Why is Buddha carved in a Hindu temple?
There are no other Buddhist sculptures in this temple.
So why is it carved in a secluded place and hidden from the eyes of random visitors?
The hand signal shown by the Buddha is also rare in ancient sculptures.
This sign is called Jnana Mudra, which means "Symbol of Knowledge or Wisdom."
What knowledge does he point to?
How is he related to the eternal keeper of time on the other side?
And what do these horses do in the middle?
Look at this little guy who drives a horse.
Under the morning sun, this guy just started his day, his hair is well groomed,
he smiles, one leg in front of the other,
he is looking forward and has just started driving his chariot.
Under the evening sun, the same guy frowned because he was tired,
his hair is tangled, his legs are wide apart, one hand lies on his hips,
and he looks the other way from the horse because his day is over.
If you look at the whole picture,
you’ll see that the horses on both sides are pulling the whole temple,
which is built in the shape of a two-wheeled chariot.
Why are these wheels carved here?
Is it really just for decoration?
But in the temple of the Sun Konark, which was built around 1250 AD,
There are similar wheels that work like a sundial.
We will talk about this temple and this watch in another issue.
Now I just remind you that there is such a watch.
Now think about everything that you saw.
The morning sun, the evening sun, time controller, indicating knowledge
and wheels like in Konark San Temple.
How are all these bas-reliefs connected?
Maybe we are looking at another sundial?
The wheel on one side of the temple can be used as a watch until noon,
and above it is carved the god of the morning sun.
The wheel on the other side of the temple can be used as an afternoon watch,
and above it is shown the god of the evening sun.
But no one knows it's a sundial
although all these carvings clearly show us the passage of time.
Eight hundred years ago, this would have been common knowledge.
A visitor walked around the temple, looked at the Sun God and immediately recognized
that these wheels show time.
Just like we look at our watches today.
Yet historians tell us
that 800 years ago most people in India were uneducated and lived in dirty huts.
And archaeologists who have documented all these drawings will tell us
that these Gods were carved out of blind faith and have no scientific significance.
But they recognize the wheel-shaped sundial in Konark San Temple.
And if we assume that these wheels are also watches,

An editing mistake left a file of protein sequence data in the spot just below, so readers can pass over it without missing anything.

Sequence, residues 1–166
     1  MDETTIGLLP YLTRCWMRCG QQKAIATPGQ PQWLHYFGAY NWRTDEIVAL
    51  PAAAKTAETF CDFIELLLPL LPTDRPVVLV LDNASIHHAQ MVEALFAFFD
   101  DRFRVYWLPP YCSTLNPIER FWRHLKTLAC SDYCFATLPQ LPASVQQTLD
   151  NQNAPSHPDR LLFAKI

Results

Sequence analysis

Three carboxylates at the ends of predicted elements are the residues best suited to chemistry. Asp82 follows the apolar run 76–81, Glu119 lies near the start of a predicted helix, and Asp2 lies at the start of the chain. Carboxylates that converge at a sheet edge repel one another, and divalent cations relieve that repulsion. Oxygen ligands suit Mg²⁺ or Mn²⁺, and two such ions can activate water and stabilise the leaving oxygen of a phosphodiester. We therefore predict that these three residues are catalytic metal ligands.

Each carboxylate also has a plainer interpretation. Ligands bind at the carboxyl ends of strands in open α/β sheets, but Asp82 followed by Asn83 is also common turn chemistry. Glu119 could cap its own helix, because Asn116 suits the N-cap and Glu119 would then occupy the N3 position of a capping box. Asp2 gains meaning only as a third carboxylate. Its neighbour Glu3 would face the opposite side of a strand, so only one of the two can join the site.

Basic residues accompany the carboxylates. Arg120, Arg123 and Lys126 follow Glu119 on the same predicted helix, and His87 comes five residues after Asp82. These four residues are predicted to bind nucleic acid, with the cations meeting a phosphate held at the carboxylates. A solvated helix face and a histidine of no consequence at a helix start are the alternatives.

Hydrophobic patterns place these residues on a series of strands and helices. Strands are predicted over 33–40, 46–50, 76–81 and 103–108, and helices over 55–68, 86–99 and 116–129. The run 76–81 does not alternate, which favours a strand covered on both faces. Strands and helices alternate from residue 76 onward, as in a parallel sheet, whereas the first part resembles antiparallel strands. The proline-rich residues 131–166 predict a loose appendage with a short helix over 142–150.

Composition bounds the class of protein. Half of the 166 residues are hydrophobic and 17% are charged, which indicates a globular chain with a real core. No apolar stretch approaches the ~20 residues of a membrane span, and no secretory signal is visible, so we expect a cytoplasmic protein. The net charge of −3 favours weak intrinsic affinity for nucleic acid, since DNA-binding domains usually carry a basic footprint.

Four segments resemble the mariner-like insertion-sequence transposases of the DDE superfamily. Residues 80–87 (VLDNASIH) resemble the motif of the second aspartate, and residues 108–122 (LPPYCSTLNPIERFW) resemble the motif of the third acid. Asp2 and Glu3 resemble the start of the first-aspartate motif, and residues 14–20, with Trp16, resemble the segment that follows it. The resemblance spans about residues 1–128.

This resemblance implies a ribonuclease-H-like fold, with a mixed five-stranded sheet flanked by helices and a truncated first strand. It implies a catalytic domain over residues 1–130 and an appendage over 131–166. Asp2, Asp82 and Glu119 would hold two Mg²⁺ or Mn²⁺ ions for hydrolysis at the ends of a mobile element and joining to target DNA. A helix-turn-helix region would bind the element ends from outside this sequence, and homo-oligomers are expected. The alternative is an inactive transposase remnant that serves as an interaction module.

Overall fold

then an interesting detail arises.
These wheels have thirty-two spokes.
In Konark San Temple, the wheel doesn’t look like that.
There are eight large knitting needles, and eight small knitting needles,
that bisect sectors between large knitting needles
Total 16 sectors.
If we divide them in half, we get 32 sectors.
But for some reason people decided that the distance between the large knitting needles is three hours.
But in this case, the distance between the large and small knitting needle is equal to one and a half hours.
So determining the time, at least, is not convenient.
Pravin Mohan in his video was mistaken, incorrectly counting the number of spokes in the wheel.
He said there were twenty-four
and based on the decryption of the bas-reliefs, he designated the wheels as a sundial.
But there are thirty-two spokes in the wheel.
If it is a watch, then this watch is marked out at thirty-two hours a day.
I don’t even know what to say about this.
I give you the opportunity to write in the comments what you think about this.
In any case, I am grateful to Pravin Mohan for deciphering the bas-reliefs around these wheels.
And we will continue to consider the bas-reliefs of this temple.
Now let's pay attention to the smallest bas-reliefs.
Look at this bull. Its size is about five centimeters.
But you can see all the features of a bull.
There is a hump, horns, ears, eyes and an elongated tail.
But look carefully, and you can see the hooves and even the nostril, only 1 millimeter wide.
On this micro bas-relief, less than five centimeters high, we see Lord Siva.
We can even make out weapons and objects that he holds in his several hands.
Here is a lion only four centimeters long.
It's a shame that the temple survived many centuries of erosion.
Many of these drawings were hit hard.
Here is a dancing god in the form of an elephant, which is even smaller.
He is only two and a half centimeters in height.
But you can see his crown, pot-bellied belly, his arms and legs in a dance pose.
Of course you have to wonder
how 850 years ago, ancient builders were able to create bas-reliefs the size of three centimeters.
But there are even smaller carvings in the temple in Darasuram.
There is a bas-relief of less than three centimeters wide,